Today, microalgae are cultivated in open- or closed-system photobioreactors, which are vessels designed to control biomass production. The closed-system version, while more expensive to build, offers more control over experimental parameters and less risk of contamination.
The substance is by no means just a trendy food supplement. For example, in Chad, a landlocked, low-income country, the consumption of spirulina harvested from Lake Chad has significantly improved people’s nutritional status because spirulina is an excellent source of proteins and micronutrients.
On top of its nutritional value, microalgae offer climate benefits by sequestering carbon dioxide as well as economic advantages by using farming areas more efficiently and – through the use of non-arable land – expanding the possibility of biomass production.
With a total of less than 57 000 tonnes cultivated in 2019, according to the UN Food and Agriculture Organization (FAO), production of microalgae is still very much in its early stages. By comparison, primary-crop output was 9.4 billion tonnes in 2019.
Russia’s continuing war in Ukraine has highlighted just how vulnerable global food supply can be. Halts to Ukrainian grain exports and increases in energy prices have helped push food inflation around the world to record highs, with developing countries being hit disproportionately hard. In May this year, costs for food had risen by 42% compared with 2014-2016, the UN reported.
Last year, as many as 828 million people were affected by hunger – an increase of roughly 46 million compared with 2020 and a surge of 150 million since the outbreak of the COVID-19 pandemic.
The FAO projects that some 670 million people will still face hunger by the end of the decade.
While the benefits of cultivating organic microalgae for food and feed are substantial, market growth will require overcoming obstacles including a lack of automated production in the industry, according to Castellari, who works at the Institute of Agrifood Research and Technology in Barcelona, Spain.
‘The automatisation is still not completely implemented,’ he said. ‘There are small producers in Europe – many steps still involve manual labour. So they are still working on optimising the process.’
The challenges go well beyond cultivation. With microalgae, biomass has to be processed, cleaned and dried before a usable powder can be obtained. The next step is to scale up production to drive down costs.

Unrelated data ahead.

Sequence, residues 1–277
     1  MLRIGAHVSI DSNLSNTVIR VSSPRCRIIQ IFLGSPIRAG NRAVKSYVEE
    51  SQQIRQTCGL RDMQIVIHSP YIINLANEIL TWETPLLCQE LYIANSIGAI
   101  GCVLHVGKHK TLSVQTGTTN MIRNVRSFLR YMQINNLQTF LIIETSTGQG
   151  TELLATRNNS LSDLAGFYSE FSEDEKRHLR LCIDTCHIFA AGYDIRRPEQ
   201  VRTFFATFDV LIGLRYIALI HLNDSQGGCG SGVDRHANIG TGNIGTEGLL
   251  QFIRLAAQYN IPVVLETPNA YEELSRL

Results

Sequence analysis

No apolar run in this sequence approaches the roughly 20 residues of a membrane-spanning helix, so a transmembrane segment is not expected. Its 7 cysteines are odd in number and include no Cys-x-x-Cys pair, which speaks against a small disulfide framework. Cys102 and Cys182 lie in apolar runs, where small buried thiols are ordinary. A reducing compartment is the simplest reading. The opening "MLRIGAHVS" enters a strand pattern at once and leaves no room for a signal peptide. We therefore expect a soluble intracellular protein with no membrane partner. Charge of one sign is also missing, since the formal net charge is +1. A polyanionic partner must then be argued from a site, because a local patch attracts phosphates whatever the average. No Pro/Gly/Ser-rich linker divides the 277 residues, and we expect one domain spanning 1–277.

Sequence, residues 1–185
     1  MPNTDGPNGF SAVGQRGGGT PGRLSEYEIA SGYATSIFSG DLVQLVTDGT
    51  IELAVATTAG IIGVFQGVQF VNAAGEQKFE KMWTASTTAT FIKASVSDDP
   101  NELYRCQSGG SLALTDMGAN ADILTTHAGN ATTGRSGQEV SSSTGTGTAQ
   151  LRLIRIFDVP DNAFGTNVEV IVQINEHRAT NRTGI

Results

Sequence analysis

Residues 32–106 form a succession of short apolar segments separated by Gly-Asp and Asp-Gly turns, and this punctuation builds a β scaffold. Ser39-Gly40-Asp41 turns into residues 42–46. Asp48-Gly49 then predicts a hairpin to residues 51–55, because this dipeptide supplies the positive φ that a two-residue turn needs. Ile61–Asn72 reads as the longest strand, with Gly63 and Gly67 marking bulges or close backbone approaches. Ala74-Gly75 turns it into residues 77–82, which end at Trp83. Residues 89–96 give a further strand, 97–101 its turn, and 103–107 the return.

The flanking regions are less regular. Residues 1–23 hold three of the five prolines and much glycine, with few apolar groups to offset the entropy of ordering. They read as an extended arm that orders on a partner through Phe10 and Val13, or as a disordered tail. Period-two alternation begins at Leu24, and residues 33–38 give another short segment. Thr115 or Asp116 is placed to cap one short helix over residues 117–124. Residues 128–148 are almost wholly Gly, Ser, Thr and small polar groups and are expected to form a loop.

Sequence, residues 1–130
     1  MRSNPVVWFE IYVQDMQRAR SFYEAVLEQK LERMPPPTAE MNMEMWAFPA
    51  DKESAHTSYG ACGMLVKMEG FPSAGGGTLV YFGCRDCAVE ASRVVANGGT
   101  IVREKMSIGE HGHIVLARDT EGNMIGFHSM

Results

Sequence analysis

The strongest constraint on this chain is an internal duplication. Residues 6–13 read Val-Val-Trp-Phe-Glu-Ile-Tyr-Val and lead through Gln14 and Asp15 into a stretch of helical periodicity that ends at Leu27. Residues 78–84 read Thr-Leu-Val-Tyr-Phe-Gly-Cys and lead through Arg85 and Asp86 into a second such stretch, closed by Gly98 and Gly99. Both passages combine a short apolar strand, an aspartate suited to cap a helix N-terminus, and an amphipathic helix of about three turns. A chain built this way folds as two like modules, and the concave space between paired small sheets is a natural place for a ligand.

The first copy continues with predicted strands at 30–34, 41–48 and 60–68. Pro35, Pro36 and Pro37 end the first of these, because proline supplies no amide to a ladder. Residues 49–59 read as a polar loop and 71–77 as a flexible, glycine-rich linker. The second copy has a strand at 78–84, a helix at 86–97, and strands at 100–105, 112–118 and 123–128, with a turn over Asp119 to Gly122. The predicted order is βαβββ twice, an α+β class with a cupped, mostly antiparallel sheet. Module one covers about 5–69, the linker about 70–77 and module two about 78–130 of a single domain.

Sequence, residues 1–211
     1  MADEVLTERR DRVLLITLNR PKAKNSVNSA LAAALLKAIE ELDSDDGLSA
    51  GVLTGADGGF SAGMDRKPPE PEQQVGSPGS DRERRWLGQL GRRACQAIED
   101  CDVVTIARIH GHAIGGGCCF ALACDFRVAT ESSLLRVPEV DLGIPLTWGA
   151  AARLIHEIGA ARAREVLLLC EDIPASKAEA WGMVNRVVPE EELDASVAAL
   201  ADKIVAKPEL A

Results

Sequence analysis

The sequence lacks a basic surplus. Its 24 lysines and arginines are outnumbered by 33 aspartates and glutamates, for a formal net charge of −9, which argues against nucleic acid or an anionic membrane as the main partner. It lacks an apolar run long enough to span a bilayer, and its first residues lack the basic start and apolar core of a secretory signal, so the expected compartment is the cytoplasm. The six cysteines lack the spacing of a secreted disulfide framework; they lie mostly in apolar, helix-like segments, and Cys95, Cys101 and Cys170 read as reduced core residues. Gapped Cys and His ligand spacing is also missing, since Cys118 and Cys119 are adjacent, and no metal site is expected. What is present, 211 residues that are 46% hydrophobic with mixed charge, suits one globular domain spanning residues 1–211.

In addition, there are regulatory challenges. Only a few species of microalgae are currently authorised in the European Union.
‘In Europe it’s still in a preliminary stage of development,’ said Castellari. ‘There are thousands of species of microalgae, but for food consumption or feed there are only seven species authorised.’
To gain knowledge about the possibilities to use other species, Castellari and his team are also investigating these other kinds of microalgae.
Due to these challenges, the portfolio of products containing microalgae remains limited today. But, if these hurdles can be overcome, the overall prospects for the microalgae industry are promising. Besides being a source of food and feed, the plant can be used for biofuels, cosmetics, fertiliser and health supplements.
Astaxanthin, a blood-red pigment extracted from algae, already has notable uses. A powerful antioxidant, astaxanthin can be found in seafood and is commonly used to colour shrimp. It is also sold in the form of pills as a food supplement.
Astaxanthin is thought to have potentially a positive impact on brain function, athletic performance and ageing skin, among other things.
Matteo Ballottari, associate professor of biotechnology at the University of Verona in Italy, helped start the European Research Council’s Horizon-funded project AstaOmega simultaneously to produce astaxanthin and omega-3 fatty acids in microalgae for aquaculture and human nutrition.
Quality and quantity
Most omega-3 supplements are derived from fish oils. This, however, raises sustainability concerns such as damage to marine ecosystems as a result of overfishing.
‘There is more demand for eating high-quality foods, along with an awareness for incorporating omega-3 rich ingredients in our diets,’ Ballottari said. Responding to this trend while feeding a growing world population is ‘a big challenge,’ he said.
Meanwhile, on the astaxanthin front, the AstaOmega researchers have made progress. They have been able to obtain a new strain that can produce astaxanthin on its own, without needing to be “stressed”. This means the researchers don’t have to change production parameters such as light intensity, temperature or nitrates concentration. Also, extracting the substance has become easier, resulting in lower costs.
Scientists agree that microalgae have the potential to change the ways in which we eat for the better.
‘Microalgae can help us to increase the protein production within Europe to reduce our dependence on other countries,’ said Castellari of the ProFuture project.
Research in this article was funded by the EU and it was originally published in Horizon, the EU Research and Innovation Magazine.